It is a distinguished and unforgettable memory to survive a hostile environment because of the militancy of the company you were in. That searing memory of a life altering moment that would have gone very badly cannot but be acknowledged as, “fortunately for me”.
We juxtaposed our “fortunately for me” survival against a backdrop of a angry, hostile mob on the edge of a deed most foul of which we are the hero and they the villain. And we think of this as success. And it is.
Until the next time, whether we face the mob, or a stranger does, and the escorted cavalry that had rendered us fortunate is breached or missing. And in that painful moment when a tragedy was not averted, we will wring our hands and castigate the barbarity of the mob.
That colossal failure is not the mob’s, and what we had earlier survived and labeled as fortunately and a victory of sorts, was a warning of a bad omen impatient of delay in finding solutions, such that we can routinely and without the calvary at our back argue and disagree with the mob and our safety is never in doubt. That is what “fortunately for us” looks like.
In our moments of triumph, or God forbid grief, the irrationality of our actions to influence, command and compel acquiesce by others, we may miss the inadequacy or absence of “meat in our baloney” as seen by the history of our interactions with those we confront. It is in those moments when vulnerability is not exploited or abused, when errors- if that they are- are not opportunities for sadistic display of might makes right but a recognition that we are neither combatants nor masters but servants to which civility is the least of our oaths to each other.
It is not the gun on a policeman’s hip nor his presence that keeps us safe. It is only our empathy and shared expectations of a more welcoming interaction that justify our investment of ourselves and our hopes for a better tomorrow; that’s what keeps us safe.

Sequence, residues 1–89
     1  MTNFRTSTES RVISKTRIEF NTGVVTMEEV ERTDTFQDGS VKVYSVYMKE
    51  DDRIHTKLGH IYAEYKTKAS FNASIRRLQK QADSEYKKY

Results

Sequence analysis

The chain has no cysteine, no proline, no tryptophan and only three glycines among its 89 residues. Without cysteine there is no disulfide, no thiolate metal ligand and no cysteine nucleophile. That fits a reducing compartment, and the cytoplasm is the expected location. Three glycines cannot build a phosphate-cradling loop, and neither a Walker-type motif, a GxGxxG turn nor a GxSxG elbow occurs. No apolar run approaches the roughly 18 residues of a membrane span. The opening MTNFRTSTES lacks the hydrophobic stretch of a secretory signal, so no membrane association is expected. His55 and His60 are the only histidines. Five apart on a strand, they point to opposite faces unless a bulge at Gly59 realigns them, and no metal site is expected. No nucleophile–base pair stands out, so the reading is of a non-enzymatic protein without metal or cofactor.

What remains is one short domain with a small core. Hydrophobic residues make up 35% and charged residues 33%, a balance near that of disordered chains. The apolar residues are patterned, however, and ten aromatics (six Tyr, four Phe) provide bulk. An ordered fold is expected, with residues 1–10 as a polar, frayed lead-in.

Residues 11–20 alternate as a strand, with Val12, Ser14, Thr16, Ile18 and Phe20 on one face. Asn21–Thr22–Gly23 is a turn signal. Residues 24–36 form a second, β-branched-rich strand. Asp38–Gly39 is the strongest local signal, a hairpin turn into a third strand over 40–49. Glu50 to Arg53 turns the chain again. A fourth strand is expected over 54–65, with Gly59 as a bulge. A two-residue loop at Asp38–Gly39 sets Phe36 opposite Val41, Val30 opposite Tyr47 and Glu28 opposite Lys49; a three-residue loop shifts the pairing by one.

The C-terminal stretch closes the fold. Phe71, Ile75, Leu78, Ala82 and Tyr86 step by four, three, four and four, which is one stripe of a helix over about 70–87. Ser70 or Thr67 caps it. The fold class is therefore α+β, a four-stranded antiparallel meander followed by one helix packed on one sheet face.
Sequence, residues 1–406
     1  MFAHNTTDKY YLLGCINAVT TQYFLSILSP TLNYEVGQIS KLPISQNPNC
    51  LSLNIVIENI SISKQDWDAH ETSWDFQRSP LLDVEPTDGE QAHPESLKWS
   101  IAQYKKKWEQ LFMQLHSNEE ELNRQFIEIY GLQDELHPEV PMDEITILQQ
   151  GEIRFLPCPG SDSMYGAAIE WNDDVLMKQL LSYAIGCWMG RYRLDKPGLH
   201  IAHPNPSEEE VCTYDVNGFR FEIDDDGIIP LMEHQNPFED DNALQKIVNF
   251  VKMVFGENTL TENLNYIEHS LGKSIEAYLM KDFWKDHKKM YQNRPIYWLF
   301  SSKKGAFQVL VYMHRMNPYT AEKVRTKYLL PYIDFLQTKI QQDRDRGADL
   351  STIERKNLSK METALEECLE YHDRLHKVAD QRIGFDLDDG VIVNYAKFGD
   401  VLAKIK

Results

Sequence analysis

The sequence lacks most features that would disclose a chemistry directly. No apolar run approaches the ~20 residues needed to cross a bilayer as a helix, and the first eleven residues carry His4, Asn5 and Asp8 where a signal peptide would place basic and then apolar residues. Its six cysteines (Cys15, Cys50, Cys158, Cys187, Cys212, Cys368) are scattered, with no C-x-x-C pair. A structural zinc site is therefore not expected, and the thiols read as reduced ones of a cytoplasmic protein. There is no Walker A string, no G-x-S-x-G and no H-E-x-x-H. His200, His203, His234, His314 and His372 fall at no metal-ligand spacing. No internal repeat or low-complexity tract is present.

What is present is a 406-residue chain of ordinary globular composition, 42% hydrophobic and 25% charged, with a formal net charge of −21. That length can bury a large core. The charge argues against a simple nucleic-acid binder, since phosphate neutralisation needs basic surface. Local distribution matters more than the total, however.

We call that a community. And for that reason, we use honey more so than vinegar, generous slices of meat more so than wafer baloney, free cup of coffee tomorrow if yesterday’s was below par, eat now pay later, and if your burdens are my doings, or mine yours, let us create the sacred spaces where we can sit, eat and talk about the remedies and our responsibilities to each other.
It is a mistake for me to think your demise clears my path of obstacles. It is contemptuous and the ultimate disrespect by which we disregard and disrespect each other’s humanity. It guarantees that when the calvary is not there to enforce an unnatural truce or prioritize subservience all hell breaks out in what we had hitherto insisted was a fortunately a heaven sent.
Heaven sent is when you can march into hell, argue with the devil, insist that a wrong be righted or at least be considered for its merits and your safety is guaranteed by the devil because your presence is as dependable and welcoming as the air conditioning unit that you promised.
If the folks in hell find us untrustworthy that is an alarming view that demands our considered attention. Being dismissive of folks we consider beneath us is a recipe for hell even as we tell ourselves we are heading to heaven. It is truly hot in here. We are in a moment of truth.
Peter Peterkin, Readers Bureau, Contributor
Edited by Jesus Chan
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